Superfund Contaminants: The Next Generation
August 12-14, 2009
As of January 2006, there were more than 239,000 substances on the Chemical Abstracts Service list of regulated chemicals. The production of more than 4,800 of these chemicals exceeded 1,000 metric ton/year. This total does not include the massive quantities of "naturally occurring" contaminants that may enter the human environment due to resource extraction or production, such as mining, groundwater pumping, and agricultural practices. That said, how is it possible to identify those contaminants of most environmental concern, and then winnow the list down to those contaminants most likely to be the foci of attention in future mega-contamination sites? In short, how can we identify the contaminants most likely to create the next generation of Superfund sites? This was the question tackled by the 24 experts assembled at the NIEHS Workshop entitled "Superfund Contaminants: The Next Generation".
The workshop participants were selected to ensure expertise in such areas as toxicology, pharmacokinetics, pharmacology, contaminant fate and transport, chemical bioaccumulation, bioavailability and persistence, chemical parameter estimation and modeling, hazardous substance production and disposal, and monitoring and assessment technology. The meeting itself was structured to maximize the amount of interaction between and discussion from all participants. The workshop agenda was composed primarily of breakout sessions; each focused on addressing a particular aspect of the problem. Breakout sessions were followed by full assembly synthesis sessions in which the full body of participants discussed the outcomes of the preceding breakout sessions. The initial question tackled by the participants was what attributes delimit emerging Superfund contaminants as distinct from the broader universe of emerging contaminants in general. Persistence, volume of production, likelihood of toxicity, and tendency to accumulate rather than disperse were some of the attributes commonly identified as defining emerging Superfund contaminants.
Relying on and further refining the answer to this first question, the next task undertaken was to develop a Top Ten Candidate List of chemicals or groups of chemicals that are recommended for consideration by SRP. Commonly identified chemicals of concern included phthalates, brominated flame retardants, polyfluorinated organic compounds, and siloxanes. Some breakout groups felt that it was more appropriate and instructive to identify top processes rather than chemicals that are likely to create the next generation of Superfund sites. For example, electronics recycling, land application of wastewater biosolids, disposal of landfill leachate, and photovoltaic solar panel manufacturing were identified as industrial processes likely to generate heavily contaminated sites with contaminants of future concern. The next task undertaken by the workshop participants was identifying and prioritizing the research and information gaps that need to be addressed regarding the chemical (and/or process) candidate lists developed in the earlier session. In order to increase the practical value of the gaps analysis, a second round of discussion sessions was convened with the objective being to draft specific mock research proposal calls, such as might be posted by NIEHS, along with their correlated research approach and outcomes.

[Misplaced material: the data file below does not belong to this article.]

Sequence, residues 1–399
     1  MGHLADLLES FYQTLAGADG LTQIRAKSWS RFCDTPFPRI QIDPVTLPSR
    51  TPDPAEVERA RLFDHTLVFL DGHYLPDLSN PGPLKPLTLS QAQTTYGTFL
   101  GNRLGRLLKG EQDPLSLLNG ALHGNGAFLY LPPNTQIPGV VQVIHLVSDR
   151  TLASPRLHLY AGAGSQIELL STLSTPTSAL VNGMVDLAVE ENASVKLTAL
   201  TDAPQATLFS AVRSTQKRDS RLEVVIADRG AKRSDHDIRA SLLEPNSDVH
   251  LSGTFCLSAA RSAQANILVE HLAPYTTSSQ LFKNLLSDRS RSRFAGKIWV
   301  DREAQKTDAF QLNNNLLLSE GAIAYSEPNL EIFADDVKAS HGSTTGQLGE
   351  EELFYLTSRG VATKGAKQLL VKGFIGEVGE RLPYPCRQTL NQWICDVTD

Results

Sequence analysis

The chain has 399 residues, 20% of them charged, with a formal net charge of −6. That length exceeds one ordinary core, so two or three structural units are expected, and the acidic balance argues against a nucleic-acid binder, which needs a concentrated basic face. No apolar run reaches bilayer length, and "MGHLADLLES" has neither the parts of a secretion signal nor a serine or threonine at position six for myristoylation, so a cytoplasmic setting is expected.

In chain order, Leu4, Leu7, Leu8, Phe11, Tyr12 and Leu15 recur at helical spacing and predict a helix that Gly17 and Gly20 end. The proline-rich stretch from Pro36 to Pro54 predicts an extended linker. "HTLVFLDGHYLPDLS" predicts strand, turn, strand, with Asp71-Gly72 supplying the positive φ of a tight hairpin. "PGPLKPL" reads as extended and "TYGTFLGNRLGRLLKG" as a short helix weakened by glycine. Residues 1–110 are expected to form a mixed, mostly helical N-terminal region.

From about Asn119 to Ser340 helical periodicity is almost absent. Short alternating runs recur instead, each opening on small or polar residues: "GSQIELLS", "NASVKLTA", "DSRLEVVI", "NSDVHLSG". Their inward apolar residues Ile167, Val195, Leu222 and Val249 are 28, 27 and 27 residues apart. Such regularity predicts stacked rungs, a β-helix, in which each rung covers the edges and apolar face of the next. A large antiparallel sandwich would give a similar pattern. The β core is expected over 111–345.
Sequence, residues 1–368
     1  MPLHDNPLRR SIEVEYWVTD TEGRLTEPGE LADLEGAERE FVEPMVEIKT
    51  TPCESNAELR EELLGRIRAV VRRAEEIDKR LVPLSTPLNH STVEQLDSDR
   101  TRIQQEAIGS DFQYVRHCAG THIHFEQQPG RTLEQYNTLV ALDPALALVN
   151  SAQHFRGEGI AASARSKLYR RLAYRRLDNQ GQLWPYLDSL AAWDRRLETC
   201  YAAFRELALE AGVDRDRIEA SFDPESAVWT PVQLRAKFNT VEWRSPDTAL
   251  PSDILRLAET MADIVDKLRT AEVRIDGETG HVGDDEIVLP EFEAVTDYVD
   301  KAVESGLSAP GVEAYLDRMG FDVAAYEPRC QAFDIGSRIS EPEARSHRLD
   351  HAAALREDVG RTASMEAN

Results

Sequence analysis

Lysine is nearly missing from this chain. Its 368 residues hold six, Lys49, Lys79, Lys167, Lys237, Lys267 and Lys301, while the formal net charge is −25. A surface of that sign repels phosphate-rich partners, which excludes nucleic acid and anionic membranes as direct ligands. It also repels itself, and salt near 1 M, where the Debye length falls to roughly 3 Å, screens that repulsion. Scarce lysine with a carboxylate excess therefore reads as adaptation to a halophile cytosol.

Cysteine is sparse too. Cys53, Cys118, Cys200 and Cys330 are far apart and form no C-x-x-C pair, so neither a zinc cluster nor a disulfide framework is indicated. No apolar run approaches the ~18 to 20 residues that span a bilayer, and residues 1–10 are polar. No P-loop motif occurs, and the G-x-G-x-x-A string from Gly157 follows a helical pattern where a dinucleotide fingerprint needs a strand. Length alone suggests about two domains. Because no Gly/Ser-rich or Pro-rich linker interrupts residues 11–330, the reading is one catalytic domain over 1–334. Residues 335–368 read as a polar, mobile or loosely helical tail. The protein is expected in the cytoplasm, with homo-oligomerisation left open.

During the course of the workshop, sections of draft text were composed to archive, provide bases for subsequent discussion, and refine the discussion's outcomes. Included in the text were suggestions for next steps in research with the specific focus on better delimiting the list of chemicals and processes of future concern to the SRP. The participants of the workshop will author a paper describing the outcomes of the workshop discussions. The workshop organizers and executive committee are currently preparing the first draft of this paper, which will then be reviewed by all workshop participants with an eye to finally developing a consensus document. The concept for the paper and some initial draft text was submitted to Environmental Health Perspectives (EHP) for preliminary review as to appropriateness for publication. The editor of EHP has responded that the material would be accepted for review as a commentary piece in the journal and work is moving forward with that venue in mind. Submission to EHP is targeted in early 2010.